Many local officials in both Texas and Oklahoma are working together in order to offer housing vouchers for residents in Houston who are low-income get affordable housing after losing their homes or getting their homes ruined from Hurricane Harvey. The flooding had also ruined most of the limited options in affordable housing that were available in the area as well.
Recently, the Housing Authority in Houston was informed that the Housing Authority in Oklahoma City was going to provide lots of vouchers to people within the Houston area. These vouchers could be used for renting houses in the Houston area or in another city. This is good news because the Houston Housing Authority has been facing a shortfall in funding which prompted them to stop giving out their own vouchers back in April. Officials with the department have mentioned that there are not enough public housing units in the Houston area for all the tenants who need them.
The heavy rains that continued after Hurricane Harvey caused damage to many properties owned by the Housing Authority in Houston. This affected over 900 Houston families. This voucher program was also known as Section 8. The program gets its funding through federal help in order to offer rental housing for an affordable price within the private market for low-income individuals.
The vouchers are typically available to help these families pay for some or all of their rent and other locations because all of the housing units in the Houston Housing Authority's area are completely full. When the Houston Housing Authority began to realize they were short on funds, they decided to reach out to many other housing authorities across the U.S. in order to see if their budgets would be able to help in the Houston area. The Housing Authority in Oklahoma was the first to respond and offer vouchers.
The executive director of the Housing Authority in Oklahoma City said that they were ready and willing to do whatever necessary to help their Texas neighbors fully recover after the hurricane. They believe they would be able to help them on a temporary basis as well as a more permanent basis. Even though Oklahoma City has their own waiting list for families who are waiting for vouchers, the families who were flooded by Hurricane Harvey got moved up the list because their area was declared a disaster zone. Typically, any vouchers given out by the housing authority must be used in the area in which they were issued. However, if the supplying housing authority fully agrees, they may be used in other locations as well.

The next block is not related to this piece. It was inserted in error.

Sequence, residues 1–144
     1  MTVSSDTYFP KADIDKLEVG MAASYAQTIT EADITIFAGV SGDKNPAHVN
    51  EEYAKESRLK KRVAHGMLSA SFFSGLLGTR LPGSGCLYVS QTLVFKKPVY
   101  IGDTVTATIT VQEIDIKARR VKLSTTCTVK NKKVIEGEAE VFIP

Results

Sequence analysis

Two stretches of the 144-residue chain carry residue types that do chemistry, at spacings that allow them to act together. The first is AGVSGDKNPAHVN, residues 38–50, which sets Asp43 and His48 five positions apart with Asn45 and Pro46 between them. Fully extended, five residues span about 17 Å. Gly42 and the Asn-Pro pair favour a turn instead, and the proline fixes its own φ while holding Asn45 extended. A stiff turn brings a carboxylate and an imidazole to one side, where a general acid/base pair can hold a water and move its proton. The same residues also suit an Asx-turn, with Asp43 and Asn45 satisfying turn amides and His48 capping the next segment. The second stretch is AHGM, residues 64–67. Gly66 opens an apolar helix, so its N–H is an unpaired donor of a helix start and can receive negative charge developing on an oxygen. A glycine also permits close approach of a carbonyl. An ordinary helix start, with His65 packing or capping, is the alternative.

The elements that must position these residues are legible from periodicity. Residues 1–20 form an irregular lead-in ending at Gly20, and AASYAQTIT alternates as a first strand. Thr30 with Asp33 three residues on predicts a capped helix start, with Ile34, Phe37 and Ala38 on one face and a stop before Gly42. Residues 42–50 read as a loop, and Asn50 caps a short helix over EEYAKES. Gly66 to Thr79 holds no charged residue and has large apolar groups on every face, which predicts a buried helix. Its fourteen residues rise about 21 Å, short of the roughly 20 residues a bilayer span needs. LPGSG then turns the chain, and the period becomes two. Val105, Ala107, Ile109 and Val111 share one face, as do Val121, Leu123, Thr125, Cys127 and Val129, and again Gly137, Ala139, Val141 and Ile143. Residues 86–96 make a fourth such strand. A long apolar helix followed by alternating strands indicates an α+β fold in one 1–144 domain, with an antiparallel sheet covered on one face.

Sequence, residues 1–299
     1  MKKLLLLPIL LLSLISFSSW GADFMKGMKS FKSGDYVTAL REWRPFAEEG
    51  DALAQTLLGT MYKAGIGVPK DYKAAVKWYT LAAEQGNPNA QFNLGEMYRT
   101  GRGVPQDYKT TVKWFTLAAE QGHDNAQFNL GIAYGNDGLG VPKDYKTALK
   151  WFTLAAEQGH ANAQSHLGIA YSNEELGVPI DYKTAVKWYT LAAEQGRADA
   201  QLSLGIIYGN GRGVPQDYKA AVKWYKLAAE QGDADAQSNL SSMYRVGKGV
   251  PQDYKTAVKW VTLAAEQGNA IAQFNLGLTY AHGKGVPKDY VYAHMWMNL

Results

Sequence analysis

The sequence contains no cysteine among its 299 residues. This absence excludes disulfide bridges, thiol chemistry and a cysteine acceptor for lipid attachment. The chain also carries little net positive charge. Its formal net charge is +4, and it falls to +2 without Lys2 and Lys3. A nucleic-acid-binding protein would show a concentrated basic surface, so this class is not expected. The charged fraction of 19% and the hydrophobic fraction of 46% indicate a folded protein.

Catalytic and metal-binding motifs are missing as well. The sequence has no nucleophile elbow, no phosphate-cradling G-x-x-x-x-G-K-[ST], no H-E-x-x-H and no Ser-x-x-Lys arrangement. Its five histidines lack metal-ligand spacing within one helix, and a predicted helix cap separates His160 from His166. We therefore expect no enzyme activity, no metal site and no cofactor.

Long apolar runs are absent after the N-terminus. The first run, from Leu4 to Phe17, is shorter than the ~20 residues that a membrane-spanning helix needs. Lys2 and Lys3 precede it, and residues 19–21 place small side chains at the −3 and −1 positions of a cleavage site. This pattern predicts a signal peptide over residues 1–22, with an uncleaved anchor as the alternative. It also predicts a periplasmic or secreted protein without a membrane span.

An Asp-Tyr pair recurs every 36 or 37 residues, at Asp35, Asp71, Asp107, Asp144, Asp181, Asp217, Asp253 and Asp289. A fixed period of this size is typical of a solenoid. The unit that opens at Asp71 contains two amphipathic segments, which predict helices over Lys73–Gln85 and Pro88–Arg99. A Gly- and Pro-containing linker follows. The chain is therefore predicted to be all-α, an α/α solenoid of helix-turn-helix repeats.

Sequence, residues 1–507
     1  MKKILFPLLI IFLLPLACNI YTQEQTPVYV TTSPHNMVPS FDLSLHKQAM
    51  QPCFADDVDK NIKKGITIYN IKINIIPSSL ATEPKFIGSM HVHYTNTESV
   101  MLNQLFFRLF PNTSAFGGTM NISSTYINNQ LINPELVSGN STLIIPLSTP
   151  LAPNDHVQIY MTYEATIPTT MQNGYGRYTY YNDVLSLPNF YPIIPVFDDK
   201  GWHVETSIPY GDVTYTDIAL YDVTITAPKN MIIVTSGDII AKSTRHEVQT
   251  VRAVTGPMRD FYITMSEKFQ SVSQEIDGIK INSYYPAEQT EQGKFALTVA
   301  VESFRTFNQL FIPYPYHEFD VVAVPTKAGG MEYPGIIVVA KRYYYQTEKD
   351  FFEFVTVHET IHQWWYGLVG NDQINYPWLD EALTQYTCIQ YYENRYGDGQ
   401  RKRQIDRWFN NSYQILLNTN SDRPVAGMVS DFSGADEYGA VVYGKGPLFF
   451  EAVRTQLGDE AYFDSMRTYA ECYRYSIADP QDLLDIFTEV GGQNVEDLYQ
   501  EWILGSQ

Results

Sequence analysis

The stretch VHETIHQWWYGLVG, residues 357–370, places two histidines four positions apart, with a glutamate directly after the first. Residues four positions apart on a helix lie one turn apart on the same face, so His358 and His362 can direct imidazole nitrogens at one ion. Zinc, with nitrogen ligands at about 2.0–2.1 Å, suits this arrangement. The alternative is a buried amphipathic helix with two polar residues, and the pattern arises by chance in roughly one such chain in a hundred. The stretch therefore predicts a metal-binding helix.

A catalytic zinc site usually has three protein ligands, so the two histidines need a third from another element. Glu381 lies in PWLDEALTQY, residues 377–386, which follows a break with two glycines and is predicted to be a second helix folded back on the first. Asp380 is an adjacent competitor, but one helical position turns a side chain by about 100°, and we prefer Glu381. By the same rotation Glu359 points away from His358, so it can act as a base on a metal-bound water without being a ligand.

This is not the first time officials from the housing authority in Oklahoma have offered this type of help. After Hurricane Katrina, many residents brought their vouchers from New Orleans to Oklahoma City and were able to use them after being put out by the storm. The current expectation suggests that Oklahoma City is going to be paying for these vouchers. Many of these vouchers offer up to $600 each month in rental assistance. They are expected to cover these vouchers through December, with Houston taking over at the start of 2018.
Many of the other social services departments which serve low-income individuals in Oklahoma are funded using money from the state. Unfortunately, Oklahoma is starting to face many budget cuts while lawmakers are working to find ways to make up for a $215 million dollar hole in the budget which may affect Medicaid, substance abuse services, mental health services and health care for senior citizens.
Some residents in the Houston area are happy to receive the help of the voucher system after the storm damaged their homes. However, it can be difficult to find privately owned apartment complexes which will accept those vouchers. The Housing Authority in Houston is working with the apartment association of Houston as well as local landlords in the area to help find apartments for families who have been displaced by the storm.
The Houston area has seven properties owned by the Housing Authority. They use their funds from federal help to offer affordable housing to the 58,000 residents who are low-income. Out of all of the low-income residents in the area, most of the families living on the seven properties received the help that they needed after the storm hit. However, there was at least 84 families living in a town-home complex which received severe damage and were still waiting for help. With the lack of budget funds, the housing authority was having trouble figuring out how to find them new places to live. The help in which they received from the Oklahoma City Housing Authority was much appreciated and couldn't have come at a better time.